How to Sleep Better

A good night’s sleep is one of the most important things you can achieve for optimum health and wellbeing. Chronic poor sleep can increase your risk of heart disease, certain types of cancer, and shorten your life. It can also make it harder to burn body fat, to build muscle, and to concentrate. Millions of people in the UK suffer from poor sleep – are you one of them? Check out the following tips to improve your sleep:

Reduce caffeine intake

One of my personal training clients, on the day I first met him, told me that he found it difficult to get to sleep, then woke up at three in the morning and found it hard to get back to sleep. I asked him how much coffee he drank, and his answer was eight cups a day. I suggested he cut down to two cups a day, and none after midday. He took my advice and the following week he was sleeping better than he had in years.

Caffeine affects everyone differently, but generally speaking, caffeine leads to poor sleep, particularly if you drink it in the afternoons or evenings. Try switching to decaf, green tea, or even better, mint/herbal tea. Even ordinary tea is quite high in caffeine at around 50mg caffeine a cup, compared to green tea which is 15mg caffeine a cup. Green tea is harvested earlier, so it contains more antioxiants as well as less caffeine. Contrast this with the average cup of coffee at 100mg caffeine, or an expresso which is around 200mg caffeine. A safe threshold is 300mg caffeine a day, but ideally consume less than this.

Don’t eat a large meal late in the evening

If you’re in the habit of eating large meals at 9pm, you’re less likely to get a good night’s sleep than if you ate at 7.30pm. Aim to finish your meal at least two hours before you go to bed, and keep the portion size small. I have personal training clients who come home late from work, eat a three course meal, and go to bed with a full stomach, not ideal.

Reduce your alcohol intake

This is good advice anyway, but especially in relation to your quality of sleep. Some people think a couple of glasses of wine before bed will help them relax and sleep better, but that’s not the case. Alcohol prevents you falling into deep sleep, and over time this will adversely impact your health.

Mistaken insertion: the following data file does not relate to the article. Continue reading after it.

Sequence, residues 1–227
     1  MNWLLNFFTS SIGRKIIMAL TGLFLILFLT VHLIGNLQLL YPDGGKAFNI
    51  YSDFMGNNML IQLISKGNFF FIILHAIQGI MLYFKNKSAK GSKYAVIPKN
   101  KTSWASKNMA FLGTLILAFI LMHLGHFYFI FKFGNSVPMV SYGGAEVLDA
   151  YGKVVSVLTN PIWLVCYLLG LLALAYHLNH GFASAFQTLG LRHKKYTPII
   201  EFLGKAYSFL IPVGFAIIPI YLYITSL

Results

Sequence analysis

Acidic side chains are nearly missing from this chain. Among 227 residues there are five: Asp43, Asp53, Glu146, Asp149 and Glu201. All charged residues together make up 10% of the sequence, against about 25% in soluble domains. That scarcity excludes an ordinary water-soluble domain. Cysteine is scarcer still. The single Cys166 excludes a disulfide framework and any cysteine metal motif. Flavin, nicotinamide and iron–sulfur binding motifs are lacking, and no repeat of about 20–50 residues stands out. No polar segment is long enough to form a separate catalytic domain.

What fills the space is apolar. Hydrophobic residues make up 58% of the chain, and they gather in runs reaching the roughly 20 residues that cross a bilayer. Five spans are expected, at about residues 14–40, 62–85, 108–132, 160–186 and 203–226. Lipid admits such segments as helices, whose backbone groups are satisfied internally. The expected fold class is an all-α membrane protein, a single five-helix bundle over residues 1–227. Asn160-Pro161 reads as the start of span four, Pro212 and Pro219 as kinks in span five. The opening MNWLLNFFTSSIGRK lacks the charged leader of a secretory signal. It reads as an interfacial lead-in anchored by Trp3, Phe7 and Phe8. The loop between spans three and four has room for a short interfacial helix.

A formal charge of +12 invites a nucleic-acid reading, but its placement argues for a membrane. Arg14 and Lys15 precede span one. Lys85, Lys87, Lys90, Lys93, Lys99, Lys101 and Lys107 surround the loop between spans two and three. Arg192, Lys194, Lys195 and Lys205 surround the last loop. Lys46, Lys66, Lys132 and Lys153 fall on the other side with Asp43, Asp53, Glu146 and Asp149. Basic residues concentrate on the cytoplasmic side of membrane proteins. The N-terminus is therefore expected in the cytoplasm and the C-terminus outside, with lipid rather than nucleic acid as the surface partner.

Exercise more

Exercise is a great stress-buster, and stress really messes up your sleep patterns. Exercise outdoors in the fresh air (away from London traffic-fumes, ideally) will help you sleep even better.

Reduce your stress levels

Entire books have been written on how to reduce your stress levels, but suffice to say that reducing the amount of stress in your life is conducive to better sleep. If you’re stressed when you go to bed, you’ll find it hard to get into the relaxed state crucial to falling asleep. One simple way to reduce stress is to focus on deep breathing, which will get more oxygen to the brain and take your mind off your worries.

Improve your sleep environment

A cool, well-ventilated, dark and uncluttered bedroom is the best environment for sleep. Most people keep their bedroom (and entire home) way too warm, particularly in the winter. Keep the heating turned down lower in the bedroom. The less cluttered your bedroom is, the more restful it will be. Invest in a decent mattress (not too hard, not too soft), such as a memory-foam or Tempur mattress, and change your mattress every few years.

Sleep routine

Aim to go to bed and get up at regular times, such as 10pm to 6am, even at weekends. Avoid the temptation to have long lie-ins on the weekend. Also avoid going to bed after midnight. The more regular your sleep hours, the more likely you’ll sleep well. Turn your mobile phone off at night. I had a personal training client who was a high-powered entrepreneur who kept his phone on all night to make sure he didn’t miss the chance to progress a business opportunity (he had interests all over the world), and I managed to persuade him to value his sleep more in order to be more effective during the day.

I hope these tips help you get a better night’s sleep. Don’t underestimate the importance of good quality sleep for your health and wellbeing. Sleep well!

(Dominic Londesborough is a personal trainer in London and an online nutrition coach).

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